I never really intended for these shots to be put on public display, it being a test shoot and all, but, having revisited them for the first time since the shoot in early December, there’s aesthetically something about them that I quite like, despite the shonky looking gaffer-taped background, the suspended ceiling and the lighting stands that are all clearly visible. Or maybe its because of all those things that I like these shots enough to share them with you? Anyways, hope you like them too. Thank you to the lovely ladies at Rainbow Pole Fitness for taking part.
The Mighty Doonans are, to my ear at least, a folkrocksoulblues band mainly from the North East. If you check out their gig at The Davy Lamp from 2013 on Youtube, for which there is a link to the opening number below, you’ll see what I mean. I suppose they’re the musical equivalent of a curry in some ways. Now, go with me on this… So, a really good curry can be spiced with umpteen different ingredients which combine to create the overall flavour, however, you should still be able to pick out garlic, ginger, cumin maybe, cardamons perhaps, coriander perchance… and the same is true of The Mighty Doonans. They have an overall vibe/sound that is unique to them and gives them their musical identity, but if you listen closer you can hear that it is made up of a tablespoon of Richard Thompson here, half a teaspoon of Otis Redding there, a pinch of Van Morrison and a dash of Ray Charles, amongst other key ingredients (a soupçon of Tom Waits and a hint of Bruce Springsteen).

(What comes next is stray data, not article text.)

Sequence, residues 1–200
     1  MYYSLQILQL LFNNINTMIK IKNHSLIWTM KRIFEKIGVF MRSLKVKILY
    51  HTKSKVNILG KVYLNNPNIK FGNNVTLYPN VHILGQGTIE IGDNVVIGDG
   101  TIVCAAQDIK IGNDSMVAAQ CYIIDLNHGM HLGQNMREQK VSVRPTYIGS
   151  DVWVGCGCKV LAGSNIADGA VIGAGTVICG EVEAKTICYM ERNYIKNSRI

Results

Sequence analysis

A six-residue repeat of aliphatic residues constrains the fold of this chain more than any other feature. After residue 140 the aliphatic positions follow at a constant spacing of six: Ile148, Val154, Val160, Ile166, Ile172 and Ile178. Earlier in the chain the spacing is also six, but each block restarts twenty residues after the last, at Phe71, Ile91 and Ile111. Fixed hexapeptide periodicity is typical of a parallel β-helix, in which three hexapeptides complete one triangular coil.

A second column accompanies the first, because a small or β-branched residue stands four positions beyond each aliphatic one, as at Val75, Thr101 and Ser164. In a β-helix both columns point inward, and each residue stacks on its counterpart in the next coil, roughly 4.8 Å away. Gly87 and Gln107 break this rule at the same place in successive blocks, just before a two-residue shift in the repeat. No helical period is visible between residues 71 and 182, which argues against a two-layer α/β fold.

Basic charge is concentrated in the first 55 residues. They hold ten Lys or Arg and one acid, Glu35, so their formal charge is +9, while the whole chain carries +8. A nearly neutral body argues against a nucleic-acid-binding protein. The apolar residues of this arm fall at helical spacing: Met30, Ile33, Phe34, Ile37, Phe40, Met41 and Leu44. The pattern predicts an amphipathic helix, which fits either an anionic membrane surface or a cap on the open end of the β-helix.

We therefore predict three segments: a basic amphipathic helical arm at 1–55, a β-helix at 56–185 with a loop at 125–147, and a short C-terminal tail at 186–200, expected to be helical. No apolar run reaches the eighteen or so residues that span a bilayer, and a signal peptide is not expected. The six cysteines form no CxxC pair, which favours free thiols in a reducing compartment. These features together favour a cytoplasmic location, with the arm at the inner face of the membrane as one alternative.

I had the pleasure of photographing them for their website, which is being updated ahead of 2015’s festival season that will see The Mighty Doonans putting in appearances across the UK and mainland Europe. Below is an outtake from the shoot. Thanks for reading.
Johnny Firth had a bit of a rep, but he was the only drummer that understood what we were trying to do, so he was in. It wasn’t a bad rep, really. He liked a drink and occasionally the odd pill or wrap, so I’d heard. He liked a fight also. All in all it seemed that the term ‘rum bugger’ was coined with Johnny in mind. His prowess with the ladies was legendary, which for us was as good as having a drummer as great as Keith Moon himself in the band. If we couldn’t have Keith then more girls, by which I mean ‘some’ girls, at our gigs certainly wouldn’t go amiss in the slightest. Anyway, Johnny played drums very much in the same spirit as Keith did; unpredictable, energetic and wild but always brilliant. So, he was in.